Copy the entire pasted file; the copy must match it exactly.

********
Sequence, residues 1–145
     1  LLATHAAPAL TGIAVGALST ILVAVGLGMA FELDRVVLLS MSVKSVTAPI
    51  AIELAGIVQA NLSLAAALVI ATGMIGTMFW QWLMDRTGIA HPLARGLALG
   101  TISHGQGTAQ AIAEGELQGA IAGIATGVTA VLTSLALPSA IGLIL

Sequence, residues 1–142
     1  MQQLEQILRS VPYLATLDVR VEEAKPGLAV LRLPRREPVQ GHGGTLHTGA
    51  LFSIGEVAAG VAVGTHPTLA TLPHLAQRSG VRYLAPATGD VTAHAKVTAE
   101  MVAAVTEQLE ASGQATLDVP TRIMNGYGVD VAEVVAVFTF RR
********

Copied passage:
Sequence, residues 1–145
     1  LLATHAAPAL TGIAVGALST ILVAVGLGMA FELDRVVLLS MSVKSVTAPI
    51  AIELAGIVQA NLSLAAALVI ATGMIGTMFW QWLMDRTGIA HPLARGLALG
   101  TISHGQGTAQ AIAEGELQGA IAGIATGVTA VLTSLALPSA IGLIL

Sequence, residues 1–142
     1  MQQLEQILRS VPYLATLDVR VEEAKPGLAV LRLPRREPVQ GHGGTLHTGA
    51  LFSIGEVAAG VAVGTHPTLA TLPHLAQRSG VRYLAPATGD VTAHAKVTAE
   101  MVAAVTEQLE ASGQATLDVP TRIMNGYGVD VAEVVAVFTF RR